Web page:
TUPE—business transfers

The following Employment practice note provides comprehensive and up to date legal information covering:

  • TUPE—business transfers
  • Business transfers defined
  • An economic entity
  • Economic activities
  • Whether a single employee can be an undertaking
  • Economic entity must be 'stable'
  • Economic entity must not be for an illegal purpose
  • A transfer of an economic entity
  • No oral or written agreement required
  • No requirement to notify employees of the transfer or identity of transferee
  • More...

TUPE—business transfers

Relevant transfers under the Transfer of Undertakings (Protection of Employment) Regulations 2006, SI 2006/246 (TUPE 2006) are:

  1. business transfers—involving the transfer of an undertaking or business, or part of an undertaking or business situated immediately before the transfer in the United Kingdom to another person where there is a transfer of an economic entity that retains its identity following the transfer

  2. service provision changes—involving a change in the provider of a service (outsourcing, insourcing or a change in contractor) where certain conditions are satisfied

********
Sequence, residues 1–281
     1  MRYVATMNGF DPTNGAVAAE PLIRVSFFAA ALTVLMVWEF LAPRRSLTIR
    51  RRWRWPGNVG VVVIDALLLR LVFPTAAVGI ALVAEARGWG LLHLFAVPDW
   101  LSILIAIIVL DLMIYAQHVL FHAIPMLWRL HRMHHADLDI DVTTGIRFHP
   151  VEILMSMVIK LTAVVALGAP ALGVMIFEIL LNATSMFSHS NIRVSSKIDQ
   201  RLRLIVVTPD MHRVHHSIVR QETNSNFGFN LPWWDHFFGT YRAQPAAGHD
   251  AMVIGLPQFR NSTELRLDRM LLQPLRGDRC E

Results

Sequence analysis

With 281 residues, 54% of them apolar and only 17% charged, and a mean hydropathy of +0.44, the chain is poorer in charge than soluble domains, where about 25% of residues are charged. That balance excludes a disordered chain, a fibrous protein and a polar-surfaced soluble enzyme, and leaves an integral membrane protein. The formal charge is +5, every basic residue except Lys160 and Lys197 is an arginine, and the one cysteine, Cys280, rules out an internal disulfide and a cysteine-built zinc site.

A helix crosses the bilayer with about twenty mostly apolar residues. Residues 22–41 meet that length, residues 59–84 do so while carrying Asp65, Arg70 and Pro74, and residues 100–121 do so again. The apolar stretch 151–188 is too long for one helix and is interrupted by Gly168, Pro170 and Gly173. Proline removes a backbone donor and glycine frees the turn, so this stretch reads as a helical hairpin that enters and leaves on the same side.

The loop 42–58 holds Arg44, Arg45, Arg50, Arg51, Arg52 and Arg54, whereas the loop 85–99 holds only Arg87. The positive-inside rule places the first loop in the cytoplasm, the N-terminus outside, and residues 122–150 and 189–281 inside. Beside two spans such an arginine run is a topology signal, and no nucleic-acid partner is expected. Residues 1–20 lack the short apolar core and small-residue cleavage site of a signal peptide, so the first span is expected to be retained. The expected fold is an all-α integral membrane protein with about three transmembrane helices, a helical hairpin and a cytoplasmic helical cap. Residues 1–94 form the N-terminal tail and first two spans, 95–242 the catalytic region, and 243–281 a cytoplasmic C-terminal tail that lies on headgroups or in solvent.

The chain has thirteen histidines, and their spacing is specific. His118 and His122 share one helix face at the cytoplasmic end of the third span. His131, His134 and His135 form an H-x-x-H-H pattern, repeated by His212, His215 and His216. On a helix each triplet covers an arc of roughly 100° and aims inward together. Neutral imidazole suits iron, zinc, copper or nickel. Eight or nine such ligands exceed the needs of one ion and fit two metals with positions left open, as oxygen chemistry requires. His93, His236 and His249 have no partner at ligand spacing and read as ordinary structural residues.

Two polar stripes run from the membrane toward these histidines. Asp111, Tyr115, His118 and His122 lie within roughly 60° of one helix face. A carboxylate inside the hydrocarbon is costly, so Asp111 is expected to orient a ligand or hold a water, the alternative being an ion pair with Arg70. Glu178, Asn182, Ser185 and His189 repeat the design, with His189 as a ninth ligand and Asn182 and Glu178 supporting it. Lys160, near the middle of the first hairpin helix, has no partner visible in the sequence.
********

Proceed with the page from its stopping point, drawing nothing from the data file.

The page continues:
This Practice Note considers business transfers. Service provision change transfers are considered separately, in Practice Note: TUPE—service provision changes. For further information on TUPE and other employment issues in an outsourcing context, see Practice Note: Outsourcing—employment issues.

However, it is important to note that a transfer may be both a business transfer and a service provision change transfer: a putative transfer should be analysed under both tests.

This Practice Note contains references to case law of the Court of Justice of the European Union (CJEU). Broadly, EU judgments handed down on or before the end of the Brexit transition period/IP completion day (11 pm on 31 December 2020) continue to be binding on UK courts and tribunals (even if the EU courts later depart from them) until the UK courts exercise their powers to diverge. For the most part, EU case law

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